On iOS and iPadOS 14, Apple is allowing users to set default email and browser apps. There has been extensive news coverage and discussion around which apps are supporting this new feature, but no one’s really explained what it means or why it’s important, so let’s dive in.
Apple is constantly shrouded in this dark cloud of “antitrust violation” and market dominance. It’s this idea that Apple’s control and ownership of the software and services that run on billions of devices around the world give it an unfair advantage over competitors. The App Store which Apple calls a safe and trusted place to obtain 3rd party apps has become the larger focus of that cloud.
In specific, there are concerns that Apple’s own services and apps on its products such as Apple Music, or Safari, get more system integration than 3rd party apps. Competitors have claimed that users will want to use Apple’s own apps/services because it has a deeper integration into the operating system itself.
For example, previously Siri was limited to only interact with Apple Music. Subscribers would be able to utilize the virtual assistance to play songs, playlists, and more. Spotify and others who compete with Apple Music claimed that Siri’s integration was unfair since Apple did not provide that feature to them, giving it an upper hand. Due to pressure, Apple did cave and open up Siri to Spotify.
In February of this year Bloomberg reported that Apple was considering allowing users to set default app options for email and browser apps. As Bloomberg explained at the time:
The technology giant is discussing whether to let users choose third-party web browser and mail applications as their default options on Apple’s mobile devices, replacing the company’s Safari browser and Mail app, according to people familiar with the matter. Since launching the App Store in 2008, Apple hasn’t allowed users to replace pre-installed apps such as these with third-party services. That has made it difficult for some developers to compete, and has raised concerns from lawmakers probing potential antitrust violations in the technology industry.Bloomberg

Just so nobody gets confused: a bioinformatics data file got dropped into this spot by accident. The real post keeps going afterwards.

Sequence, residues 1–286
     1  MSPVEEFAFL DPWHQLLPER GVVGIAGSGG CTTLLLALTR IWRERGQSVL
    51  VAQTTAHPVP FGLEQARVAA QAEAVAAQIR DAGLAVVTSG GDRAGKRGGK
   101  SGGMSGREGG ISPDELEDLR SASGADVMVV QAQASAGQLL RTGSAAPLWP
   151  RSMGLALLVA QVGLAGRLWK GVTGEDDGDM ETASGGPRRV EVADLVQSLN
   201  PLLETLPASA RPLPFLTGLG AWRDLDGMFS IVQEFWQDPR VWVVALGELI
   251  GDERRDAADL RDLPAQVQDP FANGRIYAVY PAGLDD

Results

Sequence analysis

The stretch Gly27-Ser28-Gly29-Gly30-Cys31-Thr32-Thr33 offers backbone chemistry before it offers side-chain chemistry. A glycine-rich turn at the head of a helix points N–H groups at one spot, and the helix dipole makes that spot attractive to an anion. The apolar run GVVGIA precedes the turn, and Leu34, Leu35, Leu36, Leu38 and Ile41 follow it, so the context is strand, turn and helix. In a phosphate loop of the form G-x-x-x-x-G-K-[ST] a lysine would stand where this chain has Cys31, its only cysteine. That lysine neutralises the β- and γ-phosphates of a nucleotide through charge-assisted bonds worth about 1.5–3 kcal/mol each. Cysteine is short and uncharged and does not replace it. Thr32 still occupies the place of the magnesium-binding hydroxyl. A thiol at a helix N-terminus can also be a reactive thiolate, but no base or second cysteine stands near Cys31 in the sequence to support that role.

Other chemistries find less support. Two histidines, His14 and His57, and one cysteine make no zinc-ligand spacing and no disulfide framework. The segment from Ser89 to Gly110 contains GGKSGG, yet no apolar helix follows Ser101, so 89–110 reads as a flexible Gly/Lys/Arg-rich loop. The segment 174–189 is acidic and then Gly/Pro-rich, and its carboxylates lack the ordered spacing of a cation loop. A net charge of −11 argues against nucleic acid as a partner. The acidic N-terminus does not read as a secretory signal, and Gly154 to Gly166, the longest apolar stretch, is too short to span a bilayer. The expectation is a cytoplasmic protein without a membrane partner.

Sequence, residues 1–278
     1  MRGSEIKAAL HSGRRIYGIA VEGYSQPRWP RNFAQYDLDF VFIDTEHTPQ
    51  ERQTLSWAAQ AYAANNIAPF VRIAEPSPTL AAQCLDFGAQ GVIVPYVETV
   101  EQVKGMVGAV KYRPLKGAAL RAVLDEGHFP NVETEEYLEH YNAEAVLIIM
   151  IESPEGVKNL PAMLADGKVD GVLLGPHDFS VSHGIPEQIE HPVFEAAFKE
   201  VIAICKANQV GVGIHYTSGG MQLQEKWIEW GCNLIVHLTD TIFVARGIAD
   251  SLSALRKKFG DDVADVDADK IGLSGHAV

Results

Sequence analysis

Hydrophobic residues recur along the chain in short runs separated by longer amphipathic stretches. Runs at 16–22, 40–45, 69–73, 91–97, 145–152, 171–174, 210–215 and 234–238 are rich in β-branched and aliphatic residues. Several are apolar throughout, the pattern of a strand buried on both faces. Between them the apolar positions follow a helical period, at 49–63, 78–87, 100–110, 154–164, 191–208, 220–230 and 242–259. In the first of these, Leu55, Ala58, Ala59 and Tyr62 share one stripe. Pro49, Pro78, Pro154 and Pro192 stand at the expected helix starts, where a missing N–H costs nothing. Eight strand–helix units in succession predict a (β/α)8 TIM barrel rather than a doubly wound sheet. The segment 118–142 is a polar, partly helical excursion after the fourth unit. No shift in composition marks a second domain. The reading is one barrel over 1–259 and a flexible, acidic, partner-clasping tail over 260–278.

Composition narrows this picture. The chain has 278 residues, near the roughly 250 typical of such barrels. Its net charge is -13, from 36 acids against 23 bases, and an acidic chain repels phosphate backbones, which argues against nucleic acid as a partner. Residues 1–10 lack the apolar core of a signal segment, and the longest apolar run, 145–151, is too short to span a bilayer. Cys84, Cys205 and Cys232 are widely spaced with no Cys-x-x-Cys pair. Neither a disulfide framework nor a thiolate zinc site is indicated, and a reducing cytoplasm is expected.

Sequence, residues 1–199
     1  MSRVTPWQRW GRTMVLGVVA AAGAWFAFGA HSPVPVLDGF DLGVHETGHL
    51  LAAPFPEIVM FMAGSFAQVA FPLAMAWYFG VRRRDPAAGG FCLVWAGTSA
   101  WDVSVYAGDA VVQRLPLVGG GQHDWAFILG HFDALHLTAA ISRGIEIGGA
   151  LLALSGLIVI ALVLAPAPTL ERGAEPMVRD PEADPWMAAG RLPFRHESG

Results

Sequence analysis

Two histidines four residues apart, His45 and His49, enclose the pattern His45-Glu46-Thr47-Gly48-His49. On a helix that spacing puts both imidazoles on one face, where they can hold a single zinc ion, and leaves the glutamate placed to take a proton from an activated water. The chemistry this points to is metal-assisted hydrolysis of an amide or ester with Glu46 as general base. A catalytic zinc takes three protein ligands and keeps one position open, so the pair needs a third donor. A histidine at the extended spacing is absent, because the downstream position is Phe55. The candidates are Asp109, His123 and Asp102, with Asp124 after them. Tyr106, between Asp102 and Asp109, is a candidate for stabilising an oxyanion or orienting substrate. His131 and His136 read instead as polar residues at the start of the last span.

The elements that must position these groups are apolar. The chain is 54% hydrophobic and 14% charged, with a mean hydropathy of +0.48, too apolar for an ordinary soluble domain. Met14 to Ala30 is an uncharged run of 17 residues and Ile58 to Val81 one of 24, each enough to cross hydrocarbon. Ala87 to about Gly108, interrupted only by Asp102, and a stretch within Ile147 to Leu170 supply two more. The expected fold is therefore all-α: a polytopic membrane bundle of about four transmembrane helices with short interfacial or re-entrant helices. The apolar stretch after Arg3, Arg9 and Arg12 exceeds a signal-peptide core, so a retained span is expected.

6 months later, that report came true with the introduction of default apps on iOS 14. The announcement at WWDC 2020 was unfortunately swept under the rug due to more headline-worthy features such as widgets or the “iPadifcation” of the Mac. Either way, Apple opening the door to allow 3rd party apps to become default apps eases significant concerns of possible antitrust violations.
While the door is open, it’s not fully open. Apple still doesn’t allow users to set a default map app, constraining users to use Apple Maps instead of Google Maps or Waze for the system default. Apple’s Craig Federighi says that it’s restricted to simply email and browsers since those were the two most requested. It’s hard however not to feel that Apple is purposefully not allowing users to divert away from Apple Maps as the default given it competes directly with Google Maps.
Apple’s stock Mail app and Safari don’t have long-term benefits for the company, meaning that losing a portion of its users who use the apps won’t matter. Those two stock apps are merely complementary to Apple products instead of businesses within themselves.
In regards to Apple Maps, Apple continues to invest in better satellite imagery, Street View, and new guides in iOS 14 that are attempting to give it an upper vs. Google or others. Apple Maps to the tech-giant is a business of its own, budling the pathway for Apple Glasses and potentially the Apple Car, hence its long-term benefit to keep its users constrained. That’s not to say that Apple won’t allow users to set a default map app in the future, but it’ll likely come at the cost of having a seamless experience with future products.
Let’s however rejoice in what Apple has given us. Now apps such as Chrome, Firefox, or Microsoft’s Edge can be set as the default browser app, in practice, that means clicking a link will no longer automatically open in Safari, but instead your browser of choice. The same goes for email, by pressing a “mailto:” link, your iPhone or iPad will not open Apple’s Mail app, but a 3rd party app.
For a company that is known for being tough and sometimes resistant to change, even if it’s limited to just browsers and emails, it’s a step in the right direction.